So, as we enter this cold season, don’t wait for the cold to attack you, attack the cold through keeping the biomechanics strong in your body by seeking Chiropractic Care, the biochemistry alive by eating right and taking the appropriate supplements and the bioenergy alive by taking care of the air in your home and this season you may be spending more time on the slopes and less time by the Kleenex box.

Monday, November 19, 2007

Thanksgiving Stand

This was written by our own Shannon and rings so true, enjoy!


It’s November 6th.
48 days before Christmas, that’s over a month people.

And yet, I'm almost positive that I just overheard the faint strains of Jingle Bells as I was strolling through the aisles of Target.

What’s that all about?

Okay, sure, I'm a fan of the holiday season as much as anyone. In fact I'm pretty much in love with the holiday season. Carol singing, gift buying, the spicy sweet smell of gingerbread, Charlie Brown’s pathetic little tree, warm fires crackling in the hearth, families reunited with laughter and food – these all have the ability to turn me into a wide-eyed little girl again, all giddy with the prospect of presents and my mom’s homemade mashed potatoes.

But I think we're forgetting something here. Before the Jingle Bells, before the last minute shopping frenzy, before the stockings are hung by the chimney with care…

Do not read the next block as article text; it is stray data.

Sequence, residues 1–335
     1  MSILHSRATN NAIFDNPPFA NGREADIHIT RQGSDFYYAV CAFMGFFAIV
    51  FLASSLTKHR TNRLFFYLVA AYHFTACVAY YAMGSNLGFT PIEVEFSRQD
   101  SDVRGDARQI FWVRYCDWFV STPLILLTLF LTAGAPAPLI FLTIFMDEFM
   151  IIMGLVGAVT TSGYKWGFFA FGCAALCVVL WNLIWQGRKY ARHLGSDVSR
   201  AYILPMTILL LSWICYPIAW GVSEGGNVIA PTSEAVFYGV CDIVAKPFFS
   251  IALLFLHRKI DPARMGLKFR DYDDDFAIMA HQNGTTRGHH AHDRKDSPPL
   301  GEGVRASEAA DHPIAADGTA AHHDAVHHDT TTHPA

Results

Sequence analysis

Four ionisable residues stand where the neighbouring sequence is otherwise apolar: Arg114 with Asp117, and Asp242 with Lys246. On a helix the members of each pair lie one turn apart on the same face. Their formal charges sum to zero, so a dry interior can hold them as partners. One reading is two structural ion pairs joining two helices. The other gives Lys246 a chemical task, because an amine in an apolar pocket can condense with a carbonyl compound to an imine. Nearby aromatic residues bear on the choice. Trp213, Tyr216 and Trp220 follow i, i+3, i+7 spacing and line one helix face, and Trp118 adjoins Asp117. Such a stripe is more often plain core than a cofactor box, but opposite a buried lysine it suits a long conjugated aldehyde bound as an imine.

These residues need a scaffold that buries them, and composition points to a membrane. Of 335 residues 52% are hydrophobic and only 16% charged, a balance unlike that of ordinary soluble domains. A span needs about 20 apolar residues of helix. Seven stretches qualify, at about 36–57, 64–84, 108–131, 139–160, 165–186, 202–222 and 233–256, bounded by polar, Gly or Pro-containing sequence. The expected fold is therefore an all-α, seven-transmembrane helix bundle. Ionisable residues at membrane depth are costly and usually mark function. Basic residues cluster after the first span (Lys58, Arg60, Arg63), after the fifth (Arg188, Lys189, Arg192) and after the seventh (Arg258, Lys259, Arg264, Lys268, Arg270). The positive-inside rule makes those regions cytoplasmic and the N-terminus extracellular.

That’s right. Thanksgiving - the forgotten middle child of the holiday season. Consistently overshadowed by perfect, overachieving sister Christmas and zany, quirky little brother Halloween.

Because sure, it’s nice to sit around and watch football and stuff ourselves silly with food but let’s face it, we're Americans – it’s not much of a deviation from our normal lives. So we may find ourselves thinking – what’s the big deal?

On Thanksgiving you can't dress up like SpongeBob and ring your neighbor’s doorbell to ask for candy - or you can - but you can pretty much guarantee that your neighbor’s going to be giving you some funny looks for while.

There’s no exchanging of gifts – no Thanksgiving Carols – no great big jolly man in a big red suit with a sack full of toys.

Thanksgiving, and the whole month of November really, just continues to pass by quietly, in its unobtrusive pumpkin pie sweet kind of way as children all over the world start the countdown to the holidays that really matter.